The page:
RATON WATERWORKS CO v. TOWN OF RATON(1899)
In August, 1895, the Ration Waterworks Company, a corporation organized under the laws of the territory of New Mexico, filed, in the district court of the county of Colfax, territory of New Mexico, a bill of complaint against the town of Ration, a municipal corporation of that territory.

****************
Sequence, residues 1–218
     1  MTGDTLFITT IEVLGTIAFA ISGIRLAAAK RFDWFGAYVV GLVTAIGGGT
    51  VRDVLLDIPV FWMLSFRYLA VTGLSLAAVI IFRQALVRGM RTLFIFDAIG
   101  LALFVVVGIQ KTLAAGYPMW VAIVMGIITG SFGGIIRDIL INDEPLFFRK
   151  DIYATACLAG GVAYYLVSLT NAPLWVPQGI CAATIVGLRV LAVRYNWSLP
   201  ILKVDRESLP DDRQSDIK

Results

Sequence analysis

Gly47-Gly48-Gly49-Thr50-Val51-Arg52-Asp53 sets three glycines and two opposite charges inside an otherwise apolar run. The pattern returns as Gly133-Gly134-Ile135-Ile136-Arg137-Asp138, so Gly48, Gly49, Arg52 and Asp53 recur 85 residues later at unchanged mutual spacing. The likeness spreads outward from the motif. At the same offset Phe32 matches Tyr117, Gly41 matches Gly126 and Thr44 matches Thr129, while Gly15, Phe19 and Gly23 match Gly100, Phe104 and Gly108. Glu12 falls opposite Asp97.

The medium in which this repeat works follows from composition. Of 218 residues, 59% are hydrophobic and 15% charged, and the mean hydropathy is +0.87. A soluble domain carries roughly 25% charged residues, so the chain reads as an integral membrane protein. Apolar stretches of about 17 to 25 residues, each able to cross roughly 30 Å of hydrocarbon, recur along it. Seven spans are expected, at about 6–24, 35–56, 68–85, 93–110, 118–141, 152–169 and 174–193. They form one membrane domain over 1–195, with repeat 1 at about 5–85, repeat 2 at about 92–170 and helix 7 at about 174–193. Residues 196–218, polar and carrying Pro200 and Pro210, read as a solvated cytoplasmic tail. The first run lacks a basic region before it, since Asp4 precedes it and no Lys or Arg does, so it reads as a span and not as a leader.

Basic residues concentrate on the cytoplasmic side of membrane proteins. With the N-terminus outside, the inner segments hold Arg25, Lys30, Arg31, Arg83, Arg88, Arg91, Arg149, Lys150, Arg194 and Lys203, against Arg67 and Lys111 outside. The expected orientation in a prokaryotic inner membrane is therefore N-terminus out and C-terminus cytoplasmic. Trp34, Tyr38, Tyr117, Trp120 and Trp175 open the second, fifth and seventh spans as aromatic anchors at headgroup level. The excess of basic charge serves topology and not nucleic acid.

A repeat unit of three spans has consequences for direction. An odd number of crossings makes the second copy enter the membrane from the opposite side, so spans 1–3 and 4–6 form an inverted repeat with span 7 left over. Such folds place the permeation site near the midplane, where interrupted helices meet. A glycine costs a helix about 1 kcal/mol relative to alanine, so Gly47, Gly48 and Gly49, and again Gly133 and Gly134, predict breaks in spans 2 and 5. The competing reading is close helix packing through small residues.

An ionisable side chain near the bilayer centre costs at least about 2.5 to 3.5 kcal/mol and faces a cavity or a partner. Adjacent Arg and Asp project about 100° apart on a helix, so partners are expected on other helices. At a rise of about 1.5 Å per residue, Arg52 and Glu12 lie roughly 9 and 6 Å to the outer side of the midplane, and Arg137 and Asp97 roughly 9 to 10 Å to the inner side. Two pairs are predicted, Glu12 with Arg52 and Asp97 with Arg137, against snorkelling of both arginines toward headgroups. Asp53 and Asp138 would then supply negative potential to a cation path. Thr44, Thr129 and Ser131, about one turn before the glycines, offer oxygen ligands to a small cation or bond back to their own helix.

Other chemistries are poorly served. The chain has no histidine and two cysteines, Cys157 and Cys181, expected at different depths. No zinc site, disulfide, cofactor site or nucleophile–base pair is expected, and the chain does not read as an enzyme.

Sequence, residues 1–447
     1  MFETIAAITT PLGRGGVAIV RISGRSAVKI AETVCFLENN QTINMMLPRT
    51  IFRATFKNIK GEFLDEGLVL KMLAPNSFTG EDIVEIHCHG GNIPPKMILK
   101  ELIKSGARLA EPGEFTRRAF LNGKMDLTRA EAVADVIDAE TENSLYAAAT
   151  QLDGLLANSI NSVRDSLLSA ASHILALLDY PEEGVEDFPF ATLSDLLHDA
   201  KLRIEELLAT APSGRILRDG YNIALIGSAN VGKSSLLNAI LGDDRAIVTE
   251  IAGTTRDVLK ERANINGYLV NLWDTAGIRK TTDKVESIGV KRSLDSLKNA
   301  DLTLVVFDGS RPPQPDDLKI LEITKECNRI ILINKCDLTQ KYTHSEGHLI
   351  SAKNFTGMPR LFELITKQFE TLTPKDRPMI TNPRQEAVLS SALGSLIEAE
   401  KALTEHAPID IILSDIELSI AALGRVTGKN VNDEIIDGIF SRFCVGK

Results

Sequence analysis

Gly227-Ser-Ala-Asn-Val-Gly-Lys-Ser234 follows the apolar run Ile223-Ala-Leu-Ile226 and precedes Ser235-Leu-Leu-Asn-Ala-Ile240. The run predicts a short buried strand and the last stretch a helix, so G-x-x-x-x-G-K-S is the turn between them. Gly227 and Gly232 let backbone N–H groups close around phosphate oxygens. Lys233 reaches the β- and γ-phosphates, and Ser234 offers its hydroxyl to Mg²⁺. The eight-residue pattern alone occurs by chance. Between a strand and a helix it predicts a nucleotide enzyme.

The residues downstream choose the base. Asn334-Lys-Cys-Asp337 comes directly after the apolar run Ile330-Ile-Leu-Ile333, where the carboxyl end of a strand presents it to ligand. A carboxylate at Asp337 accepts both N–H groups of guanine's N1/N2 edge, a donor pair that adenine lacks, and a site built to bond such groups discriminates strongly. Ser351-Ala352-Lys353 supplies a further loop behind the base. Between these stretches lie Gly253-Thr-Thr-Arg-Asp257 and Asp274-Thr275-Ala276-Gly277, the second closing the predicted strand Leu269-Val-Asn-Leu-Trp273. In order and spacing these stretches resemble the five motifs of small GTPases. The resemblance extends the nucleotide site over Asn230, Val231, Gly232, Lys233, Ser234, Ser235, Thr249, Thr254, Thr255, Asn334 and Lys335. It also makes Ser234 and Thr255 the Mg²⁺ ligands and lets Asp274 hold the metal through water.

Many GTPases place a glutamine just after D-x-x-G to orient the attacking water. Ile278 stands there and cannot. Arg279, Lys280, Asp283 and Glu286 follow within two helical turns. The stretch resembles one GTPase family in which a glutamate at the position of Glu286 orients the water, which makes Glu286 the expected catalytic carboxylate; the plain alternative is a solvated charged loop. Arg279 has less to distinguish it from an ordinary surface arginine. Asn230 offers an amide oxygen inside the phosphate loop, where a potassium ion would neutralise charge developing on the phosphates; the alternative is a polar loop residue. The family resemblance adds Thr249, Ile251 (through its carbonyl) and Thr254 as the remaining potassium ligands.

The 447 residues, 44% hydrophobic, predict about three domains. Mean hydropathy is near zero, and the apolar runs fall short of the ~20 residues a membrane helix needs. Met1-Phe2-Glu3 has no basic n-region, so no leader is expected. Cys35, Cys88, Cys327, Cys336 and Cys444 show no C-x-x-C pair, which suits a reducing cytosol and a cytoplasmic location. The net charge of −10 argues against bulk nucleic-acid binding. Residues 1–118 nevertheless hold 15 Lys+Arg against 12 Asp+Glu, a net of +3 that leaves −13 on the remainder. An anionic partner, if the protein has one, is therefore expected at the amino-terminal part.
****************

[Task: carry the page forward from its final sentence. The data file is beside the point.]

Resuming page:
It was narrated in the bill: That a contract had been entered into in July, 1891, between the waterworks company and the town of Raton, whereby the company agreed to erect and maintain waterworks, and to supply the town and its inhabitants, and the town agreed to pay rental for the use of hydrants in certain amounts during a period of 25 years. That the waterworks company had fully performed and complied with the contract on its part at an expenditure of $115,000. That the town, from time to time, made certain payments of rental for hydrants furnished. That on January 1, 1895, the town, in pursuance of ordinances, issued to the wateroworks company, in payment, warrants of said town, of that date, and falling due one every six months, and aggregating several [174 U.S. 360, 361] thousand dollars. Each of said warrants was duly drawn on the treasurer of the town of Raton, signed by the mayor, and countersigned by the recorder of said town. That in pursuance of law it was the duty of the treasurer of the said town to have and keep in his office a book to be called 'The Registry of Town Orders,' wherein should be entered and set down, at the date of the presentation thereof, each of said warrants, and to pay out of the funds of said town in his hands for disbursement the amount of each of said warrants in the order in which the same were presented to him for payment. That subsequently the board of trustees of said town wrongfully and without authority of law, and in disregard of the contract rights of the waterworks company, undertook to repeal the ordinance in which the terms and method of payment for the rent of hydrants were prescribed, and to pass certain other ordinances in conflict with the preceding ordinances under which the rights of the company had accrued. That, in pursuance of the latter ordinances, the town treasurer refused to register warrants held by the company and presented for registration. That, in addition to the amount of said warrants, there will accure and become due to the company semiannually during the continuance of said contracts the sum of $ 1,962.50. That said town refuses to pay the said several amounts heretofore accured and payable, and refuses to pay the said several amounts which will hereafter accrue, and gives out and pretends that the said contract is inoperative and invalid, and refuses to perform the same on its part, although in the possession, use, and enjoyment of the said water plant under said contract.